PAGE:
Eigenvalues and eigenvectors of tridiagonal matrices

What can I say about the eigenvalues and eigenvectors of the tridiagonal matrix $T$ given as $T = \begin{pmatrix} a_1 & b_1 \\ c_1 & a_2 & b_2 \\ & c_2 & \ddots & \ddots \\ & & \ddots & \ddots & b_{n-1} \\ & & & c_{n-1} & a_n \end{pmatrix}$.

If I set $a_i = 0$, do you know any previous results?

I know some results for simple cases like constant elements or symmetric matrices, but I would like to know if there are any results for more general cases.

• Possible duplicate of How can I calculate eigenvalues of a tridiagonal matrix? – Benjamin Steinberg Mar 2 '18 at 0:07
• I believe that the references mentioned in that post are related to symmetric tridiagonal matrices. – Guilherme Mar 2 '18 at 0:30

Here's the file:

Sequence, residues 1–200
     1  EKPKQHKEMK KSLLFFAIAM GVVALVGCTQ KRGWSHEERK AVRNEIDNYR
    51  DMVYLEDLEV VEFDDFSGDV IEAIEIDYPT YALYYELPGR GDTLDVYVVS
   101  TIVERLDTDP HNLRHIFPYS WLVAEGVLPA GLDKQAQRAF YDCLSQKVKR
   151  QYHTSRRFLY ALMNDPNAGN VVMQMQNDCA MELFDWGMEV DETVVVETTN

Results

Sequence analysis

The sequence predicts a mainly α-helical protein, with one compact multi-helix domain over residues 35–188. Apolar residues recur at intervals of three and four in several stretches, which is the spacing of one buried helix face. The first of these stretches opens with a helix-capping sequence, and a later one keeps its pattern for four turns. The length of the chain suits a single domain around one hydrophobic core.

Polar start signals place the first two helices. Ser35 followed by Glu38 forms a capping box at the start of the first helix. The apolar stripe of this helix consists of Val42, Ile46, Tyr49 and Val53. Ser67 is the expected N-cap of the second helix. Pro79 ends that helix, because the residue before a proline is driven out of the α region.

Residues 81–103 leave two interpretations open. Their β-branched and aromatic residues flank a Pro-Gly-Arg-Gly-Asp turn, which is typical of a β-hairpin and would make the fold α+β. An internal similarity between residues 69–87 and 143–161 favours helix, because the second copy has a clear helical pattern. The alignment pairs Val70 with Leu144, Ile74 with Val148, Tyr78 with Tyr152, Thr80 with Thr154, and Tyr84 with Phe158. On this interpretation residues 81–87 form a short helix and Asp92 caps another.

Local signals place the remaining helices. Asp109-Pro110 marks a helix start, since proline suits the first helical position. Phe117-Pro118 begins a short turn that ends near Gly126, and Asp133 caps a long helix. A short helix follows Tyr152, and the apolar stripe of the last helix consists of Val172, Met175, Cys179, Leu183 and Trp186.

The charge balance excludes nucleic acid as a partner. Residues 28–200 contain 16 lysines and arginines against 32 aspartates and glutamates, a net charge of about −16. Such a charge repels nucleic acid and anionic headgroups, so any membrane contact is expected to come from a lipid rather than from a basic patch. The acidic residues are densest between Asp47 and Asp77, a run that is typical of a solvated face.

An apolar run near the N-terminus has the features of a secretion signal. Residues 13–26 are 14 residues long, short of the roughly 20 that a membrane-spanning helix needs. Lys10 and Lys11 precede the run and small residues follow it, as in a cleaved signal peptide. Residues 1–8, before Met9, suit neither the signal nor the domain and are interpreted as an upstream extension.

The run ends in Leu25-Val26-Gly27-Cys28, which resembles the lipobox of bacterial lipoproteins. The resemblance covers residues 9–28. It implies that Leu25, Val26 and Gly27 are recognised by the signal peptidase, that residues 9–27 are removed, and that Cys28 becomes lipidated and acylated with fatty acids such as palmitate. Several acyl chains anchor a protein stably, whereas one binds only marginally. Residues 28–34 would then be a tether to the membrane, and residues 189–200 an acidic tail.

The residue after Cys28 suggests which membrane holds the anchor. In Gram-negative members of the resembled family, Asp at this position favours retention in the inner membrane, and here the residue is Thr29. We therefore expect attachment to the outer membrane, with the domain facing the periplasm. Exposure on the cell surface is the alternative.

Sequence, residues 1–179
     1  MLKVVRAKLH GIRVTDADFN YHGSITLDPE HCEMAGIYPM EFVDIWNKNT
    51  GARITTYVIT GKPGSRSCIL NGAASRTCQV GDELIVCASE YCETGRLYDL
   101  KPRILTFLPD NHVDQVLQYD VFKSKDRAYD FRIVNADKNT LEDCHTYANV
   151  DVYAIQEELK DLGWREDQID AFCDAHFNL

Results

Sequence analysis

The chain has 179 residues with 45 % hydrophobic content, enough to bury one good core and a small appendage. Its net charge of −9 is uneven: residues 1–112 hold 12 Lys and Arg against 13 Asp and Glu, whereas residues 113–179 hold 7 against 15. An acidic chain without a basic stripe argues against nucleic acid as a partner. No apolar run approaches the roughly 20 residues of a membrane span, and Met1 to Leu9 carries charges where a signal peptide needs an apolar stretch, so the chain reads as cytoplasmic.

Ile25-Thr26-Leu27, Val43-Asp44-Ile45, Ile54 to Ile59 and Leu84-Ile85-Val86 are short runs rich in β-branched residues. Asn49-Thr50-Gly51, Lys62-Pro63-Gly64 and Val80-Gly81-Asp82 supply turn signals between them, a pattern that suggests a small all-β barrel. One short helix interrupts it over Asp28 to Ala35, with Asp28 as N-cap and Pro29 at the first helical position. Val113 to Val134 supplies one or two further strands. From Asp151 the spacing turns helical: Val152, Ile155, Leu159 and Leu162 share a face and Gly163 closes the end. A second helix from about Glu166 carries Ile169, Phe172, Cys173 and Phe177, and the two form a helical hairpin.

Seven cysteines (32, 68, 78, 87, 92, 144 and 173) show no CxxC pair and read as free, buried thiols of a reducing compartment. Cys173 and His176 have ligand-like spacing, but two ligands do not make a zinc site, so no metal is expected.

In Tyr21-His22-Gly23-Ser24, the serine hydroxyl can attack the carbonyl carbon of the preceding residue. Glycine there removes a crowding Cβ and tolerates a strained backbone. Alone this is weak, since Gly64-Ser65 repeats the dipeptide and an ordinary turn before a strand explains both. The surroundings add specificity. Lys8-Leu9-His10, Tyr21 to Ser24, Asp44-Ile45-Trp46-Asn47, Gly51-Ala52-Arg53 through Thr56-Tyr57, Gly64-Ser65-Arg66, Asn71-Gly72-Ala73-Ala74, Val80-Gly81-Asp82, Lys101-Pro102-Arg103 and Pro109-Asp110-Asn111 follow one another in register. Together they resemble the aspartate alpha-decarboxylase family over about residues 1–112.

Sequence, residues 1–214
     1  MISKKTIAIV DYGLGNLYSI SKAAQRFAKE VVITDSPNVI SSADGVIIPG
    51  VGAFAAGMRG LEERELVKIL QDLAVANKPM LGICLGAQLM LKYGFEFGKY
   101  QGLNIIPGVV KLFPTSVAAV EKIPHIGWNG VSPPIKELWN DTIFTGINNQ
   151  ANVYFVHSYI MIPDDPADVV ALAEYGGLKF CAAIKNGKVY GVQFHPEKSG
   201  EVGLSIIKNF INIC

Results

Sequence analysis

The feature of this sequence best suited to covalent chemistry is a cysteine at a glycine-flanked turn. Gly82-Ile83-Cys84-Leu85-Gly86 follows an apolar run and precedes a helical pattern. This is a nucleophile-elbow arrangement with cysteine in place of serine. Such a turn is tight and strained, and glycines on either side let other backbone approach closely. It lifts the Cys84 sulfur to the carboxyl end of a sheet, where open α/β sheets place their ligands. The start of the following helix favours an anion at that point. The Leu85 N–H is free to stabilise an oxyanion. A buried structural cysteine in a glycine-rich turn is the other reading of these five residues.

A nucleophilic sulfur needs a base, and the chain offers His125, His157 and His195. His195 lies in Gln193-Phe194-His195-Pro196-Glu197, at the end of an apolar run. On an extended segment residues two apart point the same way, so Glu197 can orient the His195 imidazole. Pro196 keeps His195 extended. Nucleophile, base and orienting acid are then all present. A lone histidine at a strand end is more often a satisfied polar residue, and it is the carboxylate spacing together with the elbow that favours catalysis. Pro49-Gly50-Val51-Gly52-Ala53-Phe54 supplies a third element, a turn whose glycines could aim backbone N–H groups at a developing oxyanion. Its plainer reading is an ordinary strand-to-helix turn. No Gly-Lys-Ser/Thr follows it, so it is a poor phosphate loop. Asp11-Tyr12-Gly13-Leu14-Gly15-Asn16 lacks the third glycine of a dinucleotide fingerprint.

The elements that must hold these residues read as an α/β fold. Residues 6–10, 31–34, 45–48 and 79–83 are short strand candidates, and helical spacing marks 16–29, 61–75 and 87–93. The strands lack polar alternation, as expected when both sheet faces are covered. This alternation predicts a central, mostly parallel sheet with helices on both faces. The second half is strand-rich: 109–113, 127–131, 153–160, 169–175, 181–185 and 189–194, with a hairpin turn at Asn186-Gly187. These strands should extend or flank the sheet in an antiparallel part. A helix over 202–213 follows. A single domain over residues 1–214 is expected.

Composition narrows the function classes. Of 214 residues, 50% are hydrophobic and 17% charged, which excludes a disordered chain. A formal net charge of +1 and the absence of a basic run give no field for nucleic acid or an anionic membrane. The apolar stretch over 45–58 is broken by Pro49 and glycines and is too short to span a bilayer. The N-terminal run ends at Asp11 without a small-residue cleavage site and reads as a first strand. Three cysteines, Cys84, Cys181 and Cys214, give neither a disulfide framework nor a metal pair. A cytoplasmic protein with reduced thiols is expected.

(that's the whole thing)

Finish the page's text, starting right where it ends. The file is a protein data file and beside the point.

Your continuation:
• I'll retract my vote. – Benjamin Steinberg Mar 2 '18 at 1:12
• I'm not sure it may be of any help, but if you further assume that $T$ is normal, which requires that $|c_i|=|b_i|$ for all $i$, then you can split $T$ as $T=S+A$ with $S$ (resp. $A$) tridiagonal symmetric (resp. antisymmetric) with $A,S$ diagonalizable in the same basis. This simplifies quite a lot the problem. In the non-normal case, the eigenvectors may not be orthogonal and I fear no particular structure would arise. – Adrien Hardy Mar 2 '18 at 1:30
• If $b_i$ and $c_i$ have the same sign for all $i$, then I think you can apply a diagonal rescaling to make it symmetric => it has real eigenvalues. – Federico Poloni Mar 2 '18 at 11:20